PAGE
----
On Tuesday, December 12, Alabamans went to the polls in a special election to fill the seat in the U.S. Senate formerly occupied by Attorney General Jeff Sessions. Due to the results of their respective party primaries, the campaign had pitted Democrat Doug Jones against Republican Roy Moore.
Jones won, narrowly but clearly, and this makes the already very narrow Republican majority in the Senate even narrower, giving Democrats and allied “Independents” 49 of the 100 votes in that chamber.
News coverage of the final weeks of the campaign was dominated by charges of sexual misconduct, and in a couple of cases of alleged crimes, committed by Judge Moore.
The age of consent in Alabama is 16. Thus the charge from Leigh Corfman, who tells of a sexual encounter with Moore when she was only 14, in 1979, amounts to a criminal allegation. So does that of Beverly Young Nelson, who says that Moore assaulted her, also in the late 1970s.
One bizarre incident was the appearance in this campaign of James O’Keefe, a conservative who fancies himself a media critic. He set up a ‘sting’ in which he invented an incident about Moore (that he impregnated a 15 year old girl in 1992) and then tried to get the Washington Post to print it. If the WaPo had printed it, he of course would have come forward with contrary evidence, proving that WaPo had accused an innocent man. He would have been a hero, presumably, in the eyes of his target audience, Moore would have been assisted, and the gods appeased.
But the stinger was stung. The WaPo actually checked out the story before – and in this case instead of – printing it. (Imagine that!) And rather than run with the salacious story O’Keefe had tried to feed them, they ran with one about O’Keefe’s attempt to feed it to them.
Right Wing View
The right wing reactions to the stories of Corfman, Nelson, and other women (with less incriminating but still aromatic revelations about Moore) often followed an old victim-blaming script. Corfman, for example, was sometimes considered unreliable because of her multiple divorces and her ”history of financial issues,” including bankruptcy.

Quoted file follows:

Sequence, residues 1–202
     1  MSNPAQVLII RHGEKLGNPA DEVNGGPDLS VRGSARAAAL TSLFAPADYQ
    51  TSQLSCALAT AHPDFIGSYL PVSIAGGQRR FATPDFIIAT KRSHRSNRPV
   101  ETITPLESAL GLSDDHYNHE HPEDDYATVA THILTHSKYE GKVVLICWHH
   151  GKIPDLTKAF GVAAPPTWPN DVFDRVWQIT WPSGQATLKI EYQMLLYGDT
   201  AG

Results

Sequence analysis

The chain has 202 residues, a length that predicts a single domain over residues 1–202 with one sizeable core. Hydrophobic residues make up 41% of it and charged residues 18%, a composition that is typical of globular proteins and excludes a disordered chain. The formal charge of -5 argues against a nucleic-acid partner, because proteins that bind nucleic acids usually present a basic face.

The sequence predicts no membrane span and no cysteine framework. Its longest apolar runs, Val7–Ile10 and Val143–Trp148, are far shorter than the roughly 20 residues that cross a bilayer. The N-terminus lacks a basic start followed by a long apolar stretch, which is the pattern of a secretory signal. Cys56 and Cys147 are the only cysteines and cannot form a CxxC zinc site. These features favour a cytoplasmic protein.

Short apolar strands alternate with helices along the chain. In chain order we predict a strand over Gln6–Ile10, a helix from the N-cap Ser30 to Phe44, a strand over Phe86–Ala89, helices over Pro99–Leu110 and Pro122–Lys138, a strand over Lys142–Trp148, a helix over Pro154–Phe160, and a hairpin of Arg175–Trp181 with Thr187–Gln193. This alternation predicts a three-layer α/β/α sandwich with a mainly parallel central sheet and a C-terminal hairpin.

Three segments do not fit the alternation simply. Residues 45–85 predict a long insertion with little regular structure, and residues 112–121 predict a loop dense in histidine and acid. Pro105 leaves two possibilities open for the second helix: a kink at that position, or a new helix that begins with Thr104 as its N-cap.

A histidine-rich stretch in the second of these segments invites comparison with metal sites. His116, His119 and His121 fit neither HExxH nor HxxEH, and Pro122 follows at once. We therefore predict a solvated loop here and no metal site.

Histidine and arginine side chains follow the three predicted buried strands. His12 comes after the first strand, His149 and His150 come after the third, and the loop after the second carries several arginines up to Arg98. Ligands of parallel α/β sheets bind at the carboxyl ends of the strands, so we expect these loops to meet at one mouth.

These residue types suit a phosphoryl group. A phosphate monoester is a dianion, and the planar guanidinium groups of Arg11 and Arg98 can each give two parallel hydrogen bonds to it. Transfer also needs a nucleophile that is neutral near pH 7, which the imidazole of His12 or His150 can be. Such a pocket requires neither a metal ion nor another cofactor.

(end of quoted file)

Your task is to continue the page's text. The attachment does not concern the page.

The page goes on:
But in the words of the leading journal of #NeverTrump conservatism, the National Review, “no fan of Donald Trump should be discounting anyone’s credibility because of life events like that.”
Other conservatives were put off by what they saw as O’Keefe’s bungling. Ben Shapiro, for example, said that O’Keefe’s actions in his sting attempt were “idiotic for a variety of reasons,” among which was that they added to the Post’s credibility. Since the Post was also the forum for the original story about Corfman, this may have hurt Moore.
After Moore’s defeat, those on the right who had supported him through thick and thin took to social media to lick their wounds. Some emphasized that “this [was] not a referendum on Trump.” Others said if “we” (Republicans) “don’t get our act together November  will be a bloodbath.”
Left Wing View
On the night of Jones’ victory, Elliot Hannon, of Slate, wrote elatedly that the victory was “extraordinary [given] the fact that a Jones win seemed near impossible just six weeks ago,” and the state is “still largely supportive of President Trump.” Hannon credited Jones’ win, and more to the point Moore’s loss, to the depth of the split in the GOP “along establishment and insurgent lines.”
Over at Vox, an equally elated Matthew Yglesias said that although the scandals helped weaken Moore, credit should go to the Democratic leadership who “made their own luck in Alabama by recruiting a very strong candidate” in Jones.
On twitter, former Vice President Joe Biden called Jones “a man of incredible integrity, grit, and character” and thanked Alabama for its decision.
Finally (for this brief survey), former NBA great Kareem Abdul-Jabbar tweeted that the victory of Jones “is a triumph of good sense, good values, and good people.”